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Transcript of Johnson Era
Summary: The narrator observes his
surroundings (real detail) as the narrator sits in a churchyard. Soon the narrator starts to comtemplate and talk about death and how everyone dies, even when they are noble. The poem ends with the narrator dying (as an unknown person).
"Now fades the glimm'ring landscape on the sight,
And all the air a solemn stillness holds,
Save where the beetle wheels his droning flight,
And drowsy tinklings lull the distant folds;" Describing of the narrator's surroundings Famous Line "The paths of glory lead but to the grave" King George II King George III George Grenville William Pitt Fun Facts! The Gregorian Calendar adopted by GB in 1752 *First Shoelaces invented in 1769 in England Edward Jenner creates first smallpox vaccination in 1796 Dr. Johnson's Early Life Attended Pembroke College: Oxford --Dr. Samuel Johnson taught for a while after leaving Pembroke-- Works by Samuel Johnson Irene (play) "London" "The Vanity of Human Wishes" Dictionary of English Language published 1755 Tho' Grief and Fondness in my Breast rebel,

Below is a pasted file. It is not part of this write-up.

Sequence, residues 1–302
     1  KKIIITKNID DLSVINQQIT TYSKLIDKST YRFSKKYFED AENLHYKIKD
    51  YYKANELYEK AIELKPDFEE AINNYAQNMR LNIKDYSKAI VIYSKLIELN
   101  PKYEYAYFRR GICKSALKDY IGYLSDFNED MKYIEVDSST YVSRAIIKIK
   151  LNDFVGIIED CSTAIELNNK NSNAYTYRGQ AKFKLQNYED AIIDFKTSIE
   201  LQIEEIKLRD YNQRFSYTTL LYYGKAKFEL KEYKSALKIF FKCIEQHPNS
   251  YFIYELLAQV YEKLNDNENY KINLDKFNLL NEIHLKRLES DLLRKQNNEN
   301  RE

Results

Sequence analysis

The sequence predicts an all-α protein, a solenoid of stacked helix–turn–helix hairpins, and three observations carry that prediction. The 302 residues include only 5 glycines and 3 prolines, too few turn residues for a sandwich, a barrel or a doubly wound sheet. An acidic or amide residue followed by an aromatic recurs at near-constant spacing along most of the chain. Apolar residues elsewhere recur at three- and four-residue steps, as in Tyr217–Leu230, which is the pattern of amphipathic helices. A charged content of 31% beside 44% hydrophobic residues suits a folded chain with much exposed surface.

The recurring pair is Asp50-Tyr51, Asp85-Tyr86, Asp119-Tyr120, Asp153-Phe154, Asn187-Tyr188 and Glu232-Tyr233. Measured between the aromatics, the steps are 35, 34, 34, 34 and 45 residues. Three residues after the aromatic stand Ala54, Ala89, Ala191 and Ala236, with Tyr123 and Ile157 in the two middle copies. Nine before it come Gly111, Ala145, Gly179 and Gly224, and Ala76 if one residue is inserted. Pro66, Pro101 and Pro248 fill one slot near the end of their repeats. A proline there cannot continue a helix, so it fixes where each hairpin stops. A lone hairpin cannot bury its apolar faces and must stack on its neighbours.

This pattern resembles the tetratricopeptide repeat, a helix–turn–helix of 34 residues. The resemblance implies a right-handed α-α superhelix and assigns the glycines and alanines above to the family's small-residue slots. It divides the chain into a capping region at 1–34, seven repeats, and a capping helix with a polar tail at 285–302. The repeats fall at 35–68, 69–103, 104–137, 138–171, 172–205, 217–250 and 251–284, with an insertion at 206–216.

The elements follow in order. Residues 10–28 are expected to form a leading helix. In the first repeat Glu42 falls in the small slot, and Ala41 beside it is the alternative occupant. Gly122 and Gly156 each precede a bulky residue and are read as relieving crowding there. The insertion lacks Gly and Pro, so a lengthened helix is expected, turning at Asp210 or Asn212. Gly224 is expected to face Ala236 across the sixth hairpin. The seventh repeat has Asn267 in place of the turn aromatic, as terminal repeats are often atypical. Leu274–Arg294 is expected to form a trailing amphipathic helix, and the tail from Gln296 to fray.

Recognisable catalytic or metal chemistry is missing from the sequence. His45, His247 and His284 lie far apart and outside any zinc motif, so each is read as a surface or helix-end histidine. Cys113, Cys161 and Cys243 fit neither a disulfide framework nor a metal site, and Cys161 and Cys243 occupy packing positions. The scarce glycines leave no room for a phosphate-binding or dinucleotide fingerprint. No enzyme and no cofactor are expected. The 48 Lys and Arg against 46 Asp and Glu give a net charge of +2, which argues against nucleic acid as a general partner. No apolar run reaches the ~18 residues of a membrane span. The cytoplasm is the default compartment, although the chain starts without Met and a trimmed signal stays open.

When injur'd Thales 2 bids the Town farewell,
Yet still my calmer Thoughts his Choice commend,
I praise the Hermit, but regret the Friend,
Resolved at length, from Vice and London far, 
To breathe in distant Fields a purer Air,
And, fix'd on Cambria's solitary shore,
Give to St. David one true Briton more. The poem describes various problems with London. They are personified into characters such as Malice and Accident. They are villainous beings looking to reek havoc on citizens of London. THE END THANKS FOR LISTENING!